Breaking Up is Hard to Do

Picture of a Saturn V launch in my living room


Someone pointed out to me recently that the year 1990 is now closer to the July 20, 1969 moon-landing than we are to the year 1990. For most people that are old enough to remember 1990 (just barely for me) this is somewhat surprising. It’s simple math: 43 years since Apollo 11 and 22 years since 1990. I usually get tired of people pointing out “oh my god, do you realize [thing that happened when they were a kid] was [X] years ago?!” Time is very predicable, so it’s a bit silly to become surprised that 43-22=21. However, as I said in this post last month as Discovery left Florida for the last time, it is important for the space community to come to terms with what is now history. So, in the interest of moving on, let’s build some perspective.


Part of what prompted me to write this post was a recent slew of articles popping up about “new amateur Challenger footage” being revealed. I’ve seen at least 3 unique videos, which I won’t repost here (if you want to relive that event, there’s plenty of video out there), claiming to be newly released videos of the event. I’m no historian, but a tragic event must be pretty old for new footage to make Brian Williams’ show on NBC. Challenger was lost 26 years ago. Novak Djokovic, current world number 1 tennis player, was born well over a year after Challenger and has already managed to win 5 Majors and $36.5 million dollars. Lindsay Lohan was born in 1986 and her career has already lived and died. You get the idea.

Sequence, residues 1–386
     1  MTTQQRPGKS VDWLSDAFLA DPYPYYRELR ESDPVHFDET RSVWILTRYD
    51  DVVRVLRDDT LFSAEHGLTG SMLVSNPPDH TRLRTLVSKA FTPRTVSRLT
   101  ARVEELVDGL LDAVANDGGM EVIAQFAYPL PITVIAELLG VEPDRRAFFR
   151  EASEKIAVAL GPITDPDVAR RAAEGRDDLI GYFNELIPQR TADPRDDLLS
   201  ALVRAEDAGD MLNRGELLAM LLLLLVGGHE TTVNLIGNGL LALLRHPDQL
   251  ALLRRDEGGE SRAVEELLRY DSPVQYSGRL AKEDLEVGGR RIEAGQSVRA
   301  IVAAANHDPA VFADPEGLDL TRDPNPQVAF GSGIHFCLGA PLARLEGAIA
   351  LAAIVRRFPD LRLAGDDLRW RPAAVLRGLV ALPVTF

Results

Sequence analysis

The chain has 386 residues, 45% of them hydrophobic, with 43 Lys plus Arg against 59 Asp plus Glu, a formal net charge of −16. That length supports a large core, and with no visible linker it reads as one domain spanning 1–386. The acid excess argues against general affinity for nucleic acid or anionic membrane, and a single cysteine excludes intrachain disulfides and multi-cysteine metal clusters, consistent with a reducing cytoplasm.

Atlantis final flight photo in my dining room

Also History

What surprised me even more was realizing that the loss of Columbia can now, in a sense, be considered “history”. We will mourn the anniversary of that day for the 10th time next year. Wayne Hale writes about Discovery’s return-to-flight mission in a poignant and honest way that is not possible until the immediate impact of an event has truly passed.

The point is not to make you sad by thinking about Challenger and Columbia, but to point out that the Space Shuttle Program is now the same as Mercury or Apollo or Skylab and is part of history. People will write books about it and discuss its significance. Kids will probably still have Space Shuttle toys. I will probably always have pictures of space shuttles on my wall. But it is well past time to let go. If the “space community”* wants to convince the world its ideas are worth tax dollars then they need to realize that a lot of people still think space is cool. Get them excited about the the present and stop whining about how history came too soon. Because then you are just another person surprised by the passage of time…

Not History

*National Space Society, The Planetary Society, The Moon Society, The Mars Society, SEDS, Coalition For Space Exploration…


May 1, 2012 10:43 pm

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